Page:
Tuesday, June 23, 2009

Don't Drive Your Customers Away

It seems some businesses work very hard to drive away customers, and it makes me wonder what is going on at the decision level. When customers leave, it's hard to get them back, and if they're unhappy, they're going to tell others, so the business loses even more. And yet, businesses often act as if they don't care. Then when they go bankrupt, they have no idea why.

One prime example is the recent demise of the large national car companies. For years they pumped out vehicles that gave them a large profit margin on a unit basis, but ignored the needs of the population at large, who demanded a different type of vehicle: safe, economical, durable. As long as they were making a profit, they were happy, but one day they were shocked to find they were losing money and had no way to stop it. Yes, there were a number of other factors, but their refusal to listen to their customers was a big reason they went downhill.

Our regional paper seems determined to go out of business as quickly as possible. They've been in trouble financially, so what did they come up with? A massive rate hike for the loyal subscribers! When I saw their price hike, I told them to take a hike, and let them know via online comments how dumb that decision was. I'm one of the people who thinks newspapers are important, and have been a subscriber for many years. But in tough economic times, some things become a needless expense. Their new rate was not worth it, so I cut my weekly delivery. I predict they won't last too long, but then again, that may be the plan of the people in charge. Either that, or they're terrible at business.

Our daughter took martial arts locally, and we knew the folks in charge. We've had a good relationship with them, and have provided some extra services and clients. Recently, they sent two emails: one saying we bounced a check to them (we hadn't) and the other was that they wanted a big payment. Now we understand there's a recession, and if money is tight, you may need to make changes. But there's a right way and a wrong way to do things. Rather than take us aside on any of the days we attended, they sent emails, which sounded a bit rude. Rather than take five minutes and communicate on a human level, they brusquely told us via messages to pay up or leave. Guess what they get? Nothing. Guess what we'll tell everyone in town? Don't go there. We've gone from promoters of their business to more unhappy customers, and that will cost them future business. We know of other people who became unhappy with them, and left as well.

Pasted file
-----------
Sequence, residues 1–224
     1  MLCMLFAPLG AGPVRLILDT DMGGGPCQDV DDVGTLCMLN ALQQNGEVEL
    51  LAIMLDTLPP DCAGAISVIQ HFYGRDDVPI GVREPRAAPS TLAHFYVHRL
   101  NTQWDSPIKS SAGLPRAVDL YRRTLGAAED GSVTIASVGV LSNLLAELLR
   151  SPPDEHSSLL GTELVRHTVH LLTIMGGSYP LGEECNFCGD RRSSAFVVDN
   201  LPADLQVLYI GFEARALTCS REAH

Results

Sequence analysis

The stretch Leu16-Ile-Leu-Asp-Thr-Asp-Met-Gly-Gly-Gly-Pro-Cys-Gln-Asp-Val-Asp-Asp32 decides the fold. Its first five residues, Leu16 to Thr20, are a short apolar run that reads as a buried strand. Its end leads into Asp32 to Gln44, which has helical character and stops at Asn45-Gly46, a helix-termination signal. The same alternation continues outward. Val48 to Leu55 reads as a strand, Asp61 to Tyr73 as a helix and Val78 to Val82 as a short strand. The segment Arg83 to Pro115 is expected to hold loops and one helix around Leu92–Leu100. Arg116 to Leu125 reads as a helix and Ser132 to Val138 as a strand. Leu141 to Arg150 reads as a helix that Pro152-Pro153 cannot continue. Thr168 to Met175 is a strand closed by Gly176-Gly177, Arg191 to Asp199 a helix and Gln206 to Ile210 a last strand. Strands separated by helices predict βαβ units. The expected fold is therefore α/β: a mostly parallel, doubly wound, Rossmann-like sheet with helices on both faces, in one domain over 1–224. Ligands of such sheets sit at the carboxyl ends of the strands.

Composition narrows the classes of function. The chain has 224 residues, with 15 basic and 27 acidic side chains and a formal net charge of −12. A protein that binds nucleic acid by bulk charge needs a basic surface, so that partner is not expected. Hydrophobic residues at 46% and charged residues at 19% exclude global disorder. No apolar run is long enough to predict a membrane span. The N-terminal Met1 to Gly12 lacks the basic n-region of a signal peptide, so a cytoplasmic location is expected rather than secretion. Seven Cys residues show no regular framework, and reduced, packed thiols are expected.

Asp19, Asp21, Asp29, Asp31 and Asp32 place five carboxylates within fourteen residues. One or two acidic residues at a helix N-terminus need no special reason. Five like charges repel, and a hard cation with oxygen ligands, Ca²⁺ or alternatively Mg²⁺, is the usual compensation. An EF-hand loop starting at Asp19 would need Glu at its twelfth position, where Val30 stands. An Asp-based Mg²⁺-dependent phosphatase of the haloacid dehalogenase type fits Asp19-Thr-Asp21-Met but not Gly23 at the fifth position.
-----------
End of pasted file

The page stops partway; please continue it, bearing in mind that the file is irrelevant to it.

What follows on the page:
Treat your customers well, and they'll remain loyal, and bring in more business. When they have a problem, work with them to fix it, treat them like they matter. Treat them like they don't matter, and you'll find yourself closing your doors someday. It's even more important to treat them well when times are tough. We, and many others, don't give our money to businesses that treat us badly. Sound business advice for tough times.

1 comment:

  1. I see tis true you love to rant! So sry to hear about the martial arts class. I seem to remember she liked it. (Ben finally gave up on Aikido - no fun forcing an 18-yr-old to do stuff).

    - Scott S